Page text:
International Coffee Market
Don't deny it, coffee is a luxury. We don't need it to survive. So, why is it that millions of small coffee farmers all over the world do need it?

Coffee is the second most exported product in the world, after oil.

It shouldn't come as a surprise then that when prices began to fall in 1998 as a result of international overproduction, hundreds of thousands of coffee producers faced a serious financial crisis.

The overproduction was a result of the massive campaign by the World Bank and the International Monetary Fund during the 90s that pressured countries in the southeast to increase their coffee production as a strategy to cancel their international debt.

Vietnam is the most famous example. While in 1989, Vietnam was country of little importance in the world of coffee exporting, only 12 years later, thanks to the World Bank, it became the second largest exporter, after Brazil.

In 2001, 2.5 million sacks 60 Kg each were imported at a world level. This same year, for the high production of coffee, producing an overproduction of near 10 million sacks, the international price fell to less than US$0.50 per pound, the lowest price in 50 years.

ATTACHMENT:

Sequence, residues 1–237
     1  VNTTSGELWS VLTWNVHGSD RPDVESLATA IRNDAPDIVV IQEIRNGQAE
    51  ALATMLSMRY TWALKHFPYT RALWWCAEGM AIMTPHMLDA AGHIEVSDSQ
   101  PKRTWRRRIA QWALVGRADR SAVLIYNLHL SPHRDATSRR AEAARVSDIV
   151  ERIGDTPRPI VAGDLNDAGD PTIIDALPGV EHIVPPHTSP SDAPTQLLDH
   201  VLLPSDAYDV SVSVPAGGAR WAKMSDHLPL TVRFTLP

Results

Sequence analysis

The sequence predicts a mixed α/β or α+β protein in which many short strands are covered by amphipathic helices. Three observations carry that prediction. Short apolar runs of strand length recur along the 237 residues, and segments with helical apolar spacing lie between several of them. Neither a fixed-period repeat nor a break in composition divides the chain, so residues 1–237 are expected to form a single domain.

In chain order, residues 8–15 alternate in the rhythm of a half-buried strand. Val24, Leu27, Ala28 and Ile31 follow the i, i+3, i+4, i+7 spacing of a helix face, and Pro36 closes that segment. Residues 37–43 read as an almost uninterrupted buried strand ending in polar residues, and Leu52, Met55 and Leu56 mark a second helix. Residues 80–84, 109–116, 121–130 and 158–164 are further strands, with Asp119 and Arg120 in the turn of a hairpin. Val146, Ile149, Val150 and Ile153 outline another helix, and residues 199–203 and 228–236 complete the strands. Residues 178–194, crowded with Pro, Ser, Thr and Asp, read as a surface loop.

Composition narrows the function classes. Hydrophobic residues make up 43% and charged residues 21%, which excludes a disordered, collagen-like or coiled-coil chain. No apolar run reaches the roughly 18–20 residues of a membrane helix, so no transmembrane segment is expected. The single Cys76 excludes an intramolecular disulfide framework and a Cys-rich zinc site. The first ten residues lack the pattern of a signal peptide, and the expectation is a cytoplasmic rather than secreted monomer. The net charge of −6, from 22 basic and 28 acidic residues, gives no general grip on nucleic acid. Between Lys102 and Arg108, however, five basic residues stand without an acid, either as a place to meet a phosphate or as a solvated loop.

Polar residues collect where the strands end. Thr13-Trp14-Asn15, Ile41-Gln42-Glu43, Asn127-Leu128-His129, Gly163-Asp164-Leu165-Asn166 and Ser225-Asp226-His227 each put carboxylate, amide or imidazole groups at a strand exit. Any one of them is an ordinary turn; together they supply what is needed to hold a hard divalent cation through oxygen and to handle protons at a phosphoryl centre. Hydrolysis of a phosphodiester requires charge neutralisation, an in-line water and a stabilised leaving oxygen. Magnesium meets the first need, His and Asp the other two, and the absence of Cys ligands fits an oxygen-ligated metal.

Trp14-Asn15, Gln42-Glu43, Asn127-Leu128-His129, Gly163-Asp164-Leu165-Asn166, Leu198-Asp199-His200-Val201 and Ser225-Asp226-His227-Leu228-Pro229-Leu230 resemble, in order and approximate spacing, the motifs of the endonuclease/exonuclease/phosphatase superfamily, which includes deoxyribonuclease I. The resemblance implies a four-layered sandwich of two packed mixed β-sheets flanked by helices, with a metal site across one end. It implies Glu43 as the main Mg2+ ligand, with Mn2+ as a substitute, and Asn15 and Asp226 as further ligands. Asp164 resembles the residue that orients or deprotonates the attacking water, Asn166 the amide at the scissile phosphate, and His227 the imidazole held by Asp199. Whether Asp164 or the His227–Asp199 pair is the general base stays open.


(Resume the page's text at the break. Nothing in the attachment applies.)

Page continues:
For the majority of campesinos, this means even less due to the fact that between the producer and the exporter there can be as many as 7 intermediaries through whose hands the coffee passes.

While the campesinos earn less and less, Nestle, Philip Morris, Proctor & Gamble y Sara Lee, who control 60% of the American market and 40% of world sales, continue to register record profits.

Despite the falling prices paid to the small producers and the many corners cut by intermediaries and big corporations, that drastically reduces coffee quality, the prices paid by consumers continues to rise.


Comité Campesino del Altiplano

| Colonia Santa Crúz Quixayá | San Lucas Tolimán, Sololá | Guatemala |

| | 502-804-9451 |

Leocadio Juracán | General Coordinator and Responsable for Comercialization